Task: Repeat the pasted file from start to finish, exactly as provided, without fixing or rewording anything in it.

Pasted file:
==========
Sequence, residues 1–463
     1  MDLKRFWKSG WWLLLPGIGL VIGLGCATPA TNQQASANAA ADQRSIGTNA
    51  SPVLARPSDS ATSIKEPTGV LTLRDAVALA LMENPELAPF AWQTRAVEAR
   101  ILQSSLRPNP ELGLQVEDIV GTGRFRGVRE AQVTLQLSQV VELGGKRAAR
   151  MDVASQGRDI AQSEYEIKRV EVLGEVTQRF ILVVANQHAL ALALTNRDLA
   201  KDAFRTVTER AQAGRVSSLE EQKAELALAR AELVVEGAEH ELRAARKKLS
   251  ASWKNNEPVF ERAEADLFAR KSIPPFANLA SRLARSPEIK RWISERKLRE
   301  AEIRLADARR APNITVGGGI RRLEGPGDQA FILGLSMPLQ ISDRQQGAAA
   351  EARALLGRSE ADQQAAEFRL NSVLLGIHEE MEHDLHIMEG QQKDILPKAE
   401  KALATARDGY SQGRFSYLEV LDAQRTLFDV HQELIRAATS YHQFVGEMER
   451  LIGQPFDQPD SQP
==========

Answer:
Sequence, residues 1–463
     1  MDLKRFWKSG WWLLLPGIGL VIGLGCATPA TNQQASANAA ADQRSIGTNA
    51  SPVLARPSDS ATSIKEPTGV LTLRDAVALA LMENPELAPF AWQTRAVEAR
   101  ILQSSLRPNP ELGLQVEDIV GTGRFRGVRE AQVTLQLSQV VELGGKRAAR
   151  MDVASQGRDI AQSEYEIKRV EVLGEVTQRF ILVVANQHAL ALALTNRDLA
   201  KDAFRTVTER AQAGRVSSLE EQKAELALAR AELVVEGAEH ELRAARKKLS
   251  ASWKNNEPVF ERAEADLFAR KSIPPFANLA SRLARSPEIK RWISERKLRE
   301  AEIRLADARR APNITVGGGI RRLEGPGDQA FILGLSMPLQ ISDRQQGAAA
   351  EARALLGRSE ADQQAAEFRL NSVLLGIHEE MEHDLHIMEG QQKDILPKAE
   401  KALATARDGY SQGRFSYLEV LDAQRTLFDV HQELIRAATS YHQFVGEMER
   451  LIGQPFDQPD SQP